I have been having some fun recently with TDD or Test Driven Development.
For those of you who who haven't experienced this development technique the concept is simple in theory, but is such a paradigm shift that it takes a bit of getting used to.
The idea is simple - the first thing you do is to write a test, and then develop the code until the test passes. The idea is that you only build what you need to get the test to pass. The results aof this process is that the code is "less bloated", and of course if done correctly every line of code can be tested independent of other components of the application.
There are a number of testing frameworks, NUnit, MBUnit and MSTest, and the Visual Studio testing tools, while they default to the built in Unit Testing framework can be configured to use the framework of your choice.
So how do you go about this in Visual Studio? The basic process is as follows, and assumes that we are starting from scratch. The details of the steps are left for the reader to research.
- Create a new Solution.
- Add a "Test" project - this is a special project template that automatically creates a "test" class wired up to use the Visual Studio Testing framework.
- The Class file will have a template class method with a "[TestMethod]" attribute. Add your test code to this method. For example - this is a test from an MVC project I am working on.
- Try and run the test. The test will not build as you haven't created the actual code yet, in this case the "IndividualsController" class and the List method.
- Addthe "real " project, add the class file and create the correct method signature - so the code builds.
- Try and run the test - this time the test should build - as long you created the method signature properly - but the test will fail as we haven't implemented the body of the method yet.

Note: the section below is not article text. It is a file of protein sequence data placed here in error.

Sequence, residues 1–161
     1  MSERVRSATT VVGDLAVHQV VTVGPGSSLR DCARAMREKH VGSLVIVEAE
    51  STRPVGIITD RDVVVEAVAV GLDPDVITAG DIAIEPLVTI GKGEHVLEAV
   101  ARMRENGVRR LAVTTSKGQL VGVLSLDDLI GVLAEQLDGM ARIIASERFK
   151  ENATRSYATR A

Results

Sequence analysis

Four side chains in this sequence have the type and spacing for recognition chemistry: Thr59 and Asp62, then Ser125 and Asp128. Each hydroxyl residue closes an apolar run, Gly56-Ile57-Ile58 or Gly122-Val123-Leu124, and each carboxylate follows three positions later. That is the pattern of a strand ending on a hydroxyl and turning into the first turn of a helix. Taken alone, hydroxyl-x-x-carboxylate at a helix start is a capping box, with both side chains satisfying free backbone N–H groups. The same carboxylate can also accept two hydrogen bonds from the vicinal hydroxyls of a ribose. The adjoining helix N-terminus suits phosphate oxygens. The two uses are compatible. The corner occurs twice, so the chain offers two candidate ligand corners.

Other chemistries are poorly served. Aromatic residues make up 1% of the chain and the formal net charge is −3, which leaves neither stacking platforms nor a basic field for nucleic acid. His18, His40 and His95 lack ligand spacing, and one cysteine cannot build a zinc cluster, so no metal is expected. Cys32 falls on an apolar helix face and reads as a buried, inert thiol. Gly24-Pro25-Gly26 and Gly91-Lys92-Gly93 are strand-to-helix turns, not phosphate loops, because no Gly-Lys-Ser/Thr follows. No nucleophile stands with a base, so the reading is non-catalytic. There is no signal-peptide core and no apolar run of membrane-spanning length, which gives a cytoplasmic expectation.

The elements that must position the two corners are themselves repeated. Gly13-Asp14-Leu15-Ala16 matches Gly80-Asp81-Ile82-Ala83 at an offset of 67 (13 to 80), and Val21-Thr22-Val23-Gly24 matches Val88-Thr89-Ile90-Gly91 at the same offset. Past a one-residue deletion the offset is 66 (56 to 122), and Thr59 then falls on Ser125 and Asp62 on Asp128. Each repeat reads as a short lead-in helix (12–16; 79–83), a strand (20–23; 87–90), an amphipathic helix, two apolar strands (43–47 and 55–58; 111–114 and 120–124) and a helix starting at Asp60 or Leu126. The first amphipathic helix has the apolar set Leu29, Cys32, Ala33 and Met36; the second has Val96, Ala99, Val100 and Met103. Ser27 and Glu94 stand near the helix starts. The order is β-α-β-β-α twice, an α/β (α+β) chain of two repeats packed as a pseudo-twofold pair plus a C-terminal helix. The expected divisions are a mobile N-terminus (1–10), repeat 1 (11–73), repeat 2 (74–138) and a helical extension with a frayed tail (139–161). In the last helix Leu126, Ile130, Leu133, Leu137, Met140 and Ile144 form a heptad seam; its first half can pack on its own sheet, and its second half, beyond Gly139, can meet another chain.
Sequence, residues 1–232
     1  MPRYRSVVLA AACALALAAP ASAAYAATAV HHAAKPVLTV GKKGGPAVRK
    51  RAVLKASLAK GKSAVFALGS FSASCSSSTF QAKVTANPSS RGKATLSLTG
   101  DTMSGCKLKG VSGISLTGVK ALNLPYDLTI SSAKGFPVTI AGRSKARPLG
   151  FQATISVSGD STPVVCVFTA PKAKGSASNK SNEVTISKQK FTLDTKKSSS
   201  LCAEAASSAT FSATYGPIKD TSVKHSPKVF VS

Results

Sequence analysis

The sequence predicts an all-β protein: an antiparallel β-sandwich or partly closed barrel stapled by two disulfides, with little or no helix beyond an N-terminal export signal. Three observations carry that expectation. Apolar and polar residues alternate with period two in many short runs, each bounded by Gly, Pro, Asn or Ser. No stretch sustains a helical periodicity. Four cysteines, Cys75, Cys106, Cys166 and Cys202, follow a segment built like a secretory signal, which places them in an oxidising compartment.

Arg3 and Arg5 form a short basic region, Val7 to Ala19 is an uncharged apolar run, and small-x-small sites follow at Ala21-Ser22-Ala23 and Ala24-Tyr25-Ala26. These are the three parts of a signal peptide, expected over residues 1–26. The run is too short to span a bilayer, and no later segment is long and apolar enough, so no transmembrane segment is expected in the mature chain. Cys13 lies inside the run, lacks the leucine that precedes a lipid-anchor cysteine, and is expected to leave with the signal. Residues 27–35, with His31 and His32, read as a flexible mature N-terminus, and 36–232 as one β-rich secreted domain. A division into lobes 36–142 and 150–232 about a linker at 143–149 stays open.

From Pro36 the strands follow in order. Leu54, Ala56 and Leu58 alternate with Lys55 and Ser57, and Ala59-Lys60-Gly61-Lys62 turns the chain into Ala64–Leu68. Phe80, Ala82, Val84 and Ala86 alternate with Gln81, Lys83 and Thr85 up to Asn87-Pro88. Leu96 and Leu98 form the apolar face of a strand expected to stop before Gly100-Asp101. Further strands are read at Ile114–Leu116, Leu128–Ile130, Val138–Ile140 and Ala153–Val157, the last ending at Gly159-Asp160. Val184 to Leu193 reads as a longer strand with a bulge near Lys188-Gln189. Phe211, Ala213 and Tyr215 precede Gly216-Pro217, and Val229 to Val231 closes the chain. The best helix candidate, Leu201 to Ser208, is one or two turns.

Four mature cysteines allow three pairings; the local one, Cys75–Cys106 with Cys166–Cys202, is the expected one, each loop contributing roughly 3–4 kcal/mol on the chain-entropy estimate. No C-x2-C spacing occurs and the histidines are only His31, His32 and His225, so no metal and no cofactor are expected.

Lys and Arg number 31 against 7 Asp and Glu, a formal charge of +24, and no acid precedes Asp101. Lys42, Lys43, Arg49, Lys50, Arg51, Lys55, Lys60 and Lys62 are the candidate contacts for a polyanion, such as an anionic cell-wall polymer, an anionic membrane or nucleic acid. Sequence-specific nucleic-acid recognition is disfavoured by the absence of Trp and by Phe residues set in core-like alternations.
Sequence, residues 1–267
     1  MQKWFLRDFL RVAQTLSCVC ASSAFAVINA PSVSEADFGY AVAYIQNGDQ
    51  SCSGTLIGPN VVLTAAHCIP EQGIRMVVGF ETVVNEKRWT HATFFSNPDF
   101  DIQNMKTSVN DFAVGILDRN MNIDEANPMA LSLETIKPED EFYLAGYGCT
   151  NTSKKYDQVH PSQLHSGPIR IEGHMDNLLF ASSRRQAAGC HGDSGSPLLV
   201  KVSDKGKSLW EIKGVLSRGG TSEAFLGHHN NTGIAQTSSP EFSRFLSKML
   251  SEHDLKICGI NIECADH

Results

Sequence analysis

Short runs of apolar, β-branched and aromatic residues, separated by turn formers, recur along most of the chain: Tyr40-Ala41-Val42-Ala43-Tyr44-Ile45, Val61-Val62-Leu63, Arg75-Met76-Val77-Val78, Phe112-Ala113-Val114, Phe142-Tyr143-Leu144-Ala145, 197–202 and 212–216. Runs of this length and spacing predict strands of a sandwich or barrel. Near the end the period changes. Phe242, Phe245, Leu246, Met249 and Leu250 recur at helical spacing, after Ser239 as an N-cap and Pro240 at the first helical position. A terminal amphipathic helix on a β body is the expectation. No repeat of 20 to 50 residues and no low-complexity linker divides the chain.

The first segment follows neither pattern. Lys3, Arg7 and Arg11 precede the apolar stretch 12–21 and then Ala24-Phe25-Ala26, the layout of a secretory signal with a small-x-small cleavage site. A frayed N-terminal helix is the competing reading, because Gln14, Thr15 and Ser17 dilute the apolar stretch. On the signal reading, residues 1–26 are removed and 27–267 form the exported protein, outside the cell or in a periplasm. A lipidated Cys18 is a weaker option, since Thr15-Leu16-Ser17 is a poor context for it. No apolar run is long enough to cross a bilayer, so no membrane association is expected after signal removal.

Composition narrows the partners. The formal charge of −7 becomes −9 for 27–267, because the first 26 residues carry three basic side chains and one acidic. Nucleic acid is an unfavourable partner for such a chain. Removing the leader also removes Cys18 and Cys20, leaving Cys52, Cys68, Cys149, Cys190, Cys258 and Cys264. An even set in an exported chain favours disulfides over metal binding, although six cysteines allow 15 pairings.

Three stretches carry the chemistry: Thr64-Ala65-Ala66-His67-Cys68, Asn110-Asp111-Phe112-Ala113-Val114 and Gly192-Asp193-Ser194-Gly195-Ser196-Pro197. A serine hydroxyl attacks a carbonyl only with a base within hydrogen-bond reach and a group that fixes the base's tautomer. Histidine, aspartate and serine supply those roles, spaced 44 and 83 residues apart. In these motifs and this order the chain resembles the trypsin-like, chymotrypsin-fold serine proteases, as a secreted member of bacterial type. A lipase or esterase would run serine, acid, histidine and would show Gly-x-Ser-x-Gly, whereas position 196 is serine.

- Next implement the code body.
- Rerun the test - and if you implemented it correctly the test will pass.
Note that the code above is the current status of the method. In order to pass the test the only line neccessary is the first line and the last line. The if /else blocak was added to satisfy a second test.
While TDD purists would say you should do every step as outlined, most TDD developers in practice do not run the test at step (6) that they know will fail.
As you build up your tests, you will get a report like this
It really is cool to see all those "green" lights.
I have found that while it has taken me a little longer to build this project - as I learned to work with the new paradigm, I am now at the stage where adding a new feature is taking much less time as I do not find myself needing to browse to the test site to check the code is working. In fact, in this project I had something like 20 - 25 tests working before I even fired up the browser the first time, and as I had created tests that passed for all layers of the application, the browse test worked first time.
Phillip Beadle has been working on a module template to help guide module developers to create modules using this development paradigm - so if you are interested in this methodology keep checking back here for news.